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Want An Internship? Want To Pay For It?

January 3rd, 2008 · Leave A Comment

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Quick, what’s the hot new trend in internships? According to Newsweek, it’s paying thousands of dollars to “internship placement services” to help you get your foot in the door.

How much would you pay for a career-making internship? $500? $2,000? Try $6,000. That’s what a growing number of students are paying to secure coveted summer spots with Smith Barney, Merrill Lynch, Tommy Hilfiger and America’s other leading companies. (…) Meritocracy isn’t dead, but it may be losing out to a handful of internship placement services that promise career-enhancing opportunities-for a price.

I beg to differ. If meritocracy isn’t dead, it’s certainly clutching it’s chest and gasping for air.

So let me get this straight. If you want a decent upper middle class career these days, you gotta shell out tens of thousands for private schooling, thousands for test prep and study courses… hundreds of thousands in tuition to a decent college, hundreds of thousands more in student loan interest payments… and now you have to pay to work for free?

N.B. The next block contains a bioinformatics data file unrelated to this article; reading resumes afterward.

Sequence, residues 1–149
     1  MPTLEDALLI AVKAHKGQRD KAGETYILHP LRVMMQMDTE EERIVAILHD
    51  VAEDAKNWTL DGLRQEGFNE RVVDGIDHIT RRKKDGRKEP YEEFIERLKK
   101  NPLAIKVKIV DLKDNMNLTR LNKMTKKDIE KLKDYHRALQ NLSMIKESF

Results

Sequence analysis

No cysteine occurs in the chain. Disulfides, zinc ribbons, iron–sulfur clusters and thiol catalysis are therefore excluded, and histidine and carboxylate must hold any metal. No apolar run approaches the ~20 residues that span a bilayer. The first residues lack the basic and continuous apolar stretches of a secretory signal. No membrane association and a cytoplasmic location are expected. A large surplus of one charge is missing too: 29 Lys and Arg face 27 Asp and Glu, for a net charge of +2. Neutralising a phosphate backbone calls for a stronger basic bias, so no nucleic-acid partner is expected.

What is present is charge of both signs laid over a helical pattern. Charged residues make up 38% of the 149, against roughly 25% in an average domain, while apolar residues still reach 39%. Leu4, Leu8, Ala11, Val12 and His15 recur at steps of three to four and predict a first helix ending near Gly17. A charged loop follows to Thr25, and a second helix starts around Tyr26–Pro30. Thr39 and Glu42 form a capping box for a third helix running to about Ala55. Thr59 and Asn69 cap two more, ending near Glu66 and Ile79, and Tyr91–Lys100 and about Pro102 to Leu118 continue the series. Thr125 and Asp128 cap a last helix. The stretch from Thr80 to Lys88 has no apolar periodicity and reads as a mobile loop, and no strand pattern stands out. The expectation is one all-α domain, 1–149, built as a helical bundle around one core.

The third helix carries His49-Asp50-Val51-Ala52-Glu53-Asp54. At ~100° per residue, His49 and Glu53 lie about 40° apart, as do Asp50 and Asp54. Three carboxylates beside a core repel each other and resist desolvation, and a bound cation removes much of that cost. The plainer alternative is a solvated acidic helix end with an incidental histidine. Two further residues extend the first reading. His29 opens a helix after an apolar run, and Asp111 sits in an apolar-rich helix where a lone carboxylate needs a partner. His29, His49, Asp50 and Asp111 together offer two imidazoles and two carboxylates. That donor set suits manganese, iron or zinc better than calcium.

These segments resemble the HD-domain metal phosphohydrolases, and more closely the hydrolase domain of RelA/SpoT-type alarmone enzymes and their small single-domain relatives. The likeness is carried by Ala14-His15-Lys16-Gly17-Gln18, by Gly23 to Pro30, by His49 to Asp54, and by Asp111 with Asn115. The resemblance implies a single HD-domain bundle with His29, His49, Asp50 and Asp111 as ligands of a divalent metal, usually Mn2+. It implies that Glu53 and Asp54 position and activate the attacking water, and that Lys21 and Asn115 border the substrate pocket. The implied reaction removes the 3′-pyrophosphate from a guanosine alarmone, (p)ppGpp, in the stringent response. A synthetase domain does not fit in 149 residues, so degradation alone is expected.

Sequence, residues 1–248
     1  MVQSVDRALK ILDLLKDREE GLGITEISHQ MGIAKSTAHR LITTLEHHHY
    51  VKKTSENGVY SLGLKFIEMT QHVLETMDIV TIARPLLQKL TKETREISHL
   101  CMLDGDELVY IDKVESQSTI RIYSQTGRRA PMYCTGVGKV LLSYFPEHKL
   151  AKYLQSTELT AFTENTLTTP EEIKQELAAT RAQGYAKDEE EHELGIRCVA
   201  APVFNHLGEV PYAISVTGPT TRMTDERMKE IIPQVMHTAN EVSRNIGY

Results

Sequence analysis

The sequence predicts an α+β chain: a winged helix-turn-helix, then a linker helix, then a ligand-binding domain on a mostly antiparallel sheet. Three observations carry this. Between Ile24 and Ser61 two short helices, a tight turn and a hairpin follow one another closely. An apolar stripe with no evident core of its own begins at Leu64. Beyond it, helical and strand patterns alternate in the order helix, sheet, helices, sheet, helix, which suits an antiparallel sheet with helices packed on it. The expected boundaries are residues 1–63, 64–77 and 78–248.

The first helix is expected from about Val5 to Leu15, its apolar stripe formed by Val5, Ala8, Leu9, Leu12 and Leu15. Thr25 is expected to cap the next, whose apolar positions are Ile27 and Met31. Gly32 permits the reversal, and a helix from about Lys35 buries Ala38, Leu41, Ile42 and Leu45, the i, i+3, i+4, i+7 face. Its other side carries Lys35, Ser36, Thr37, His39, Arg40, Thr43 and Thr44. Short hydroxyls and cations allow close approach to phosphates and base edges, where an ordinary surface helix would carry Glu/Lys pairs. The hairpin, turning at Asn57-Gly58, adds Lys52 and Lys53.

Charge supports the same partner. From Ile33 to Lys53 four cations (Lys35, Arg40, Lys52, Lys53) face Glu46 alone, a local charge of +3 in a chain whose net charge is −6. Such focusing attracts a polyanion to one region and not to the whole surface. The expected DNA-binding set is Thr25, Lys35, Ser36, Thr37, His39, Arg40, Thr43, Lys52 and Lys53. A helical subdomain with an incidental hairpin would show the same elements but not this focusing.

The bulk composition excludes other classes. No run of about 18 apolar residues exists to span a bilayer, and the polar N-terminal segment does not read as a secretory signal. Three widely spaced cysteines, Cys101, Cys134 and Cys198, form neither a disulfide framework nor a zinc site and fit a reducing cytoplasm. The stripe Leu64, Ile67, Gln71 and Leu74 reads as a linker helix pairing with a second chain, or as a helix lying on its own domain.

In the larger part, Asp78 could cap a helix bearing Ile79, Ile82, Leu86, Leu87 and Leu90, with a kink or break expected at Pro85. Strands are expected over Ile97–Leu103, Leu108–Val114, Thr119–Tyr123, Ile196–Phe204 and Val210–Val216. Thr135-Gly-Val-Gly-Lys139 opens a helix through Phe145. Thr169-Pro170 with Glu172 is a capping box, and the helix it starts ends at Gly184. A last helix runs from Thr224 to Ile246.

Does it ever seem like we spend all our money to have a chance to make money… only to spend that money paying off the debts incurred at the beginning of the process? And then we have to do the same all over again for our kids.

You know where this is going to end up, don’t you? Eventually the companies will cut out the middleman. Is it so important to you to intern at Merrill Lynch or Google? Can’t start a career without our connections? Pay us to work for us, then. Pay us for the chance to impress us.

Still, for all my (obvious) bitterness and cynicism… an internship placement service is probably worth it for a lot of people. If the world we live in demands that you pay to play, then you’d be foolish not to. Like the “right” alma matter, the right internship can be a key stepping stone to a career. If you can increase your odds, then it’s money well spent.

As much as it pains me to say that. What do you think?

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Tags: Interns · Young Professionals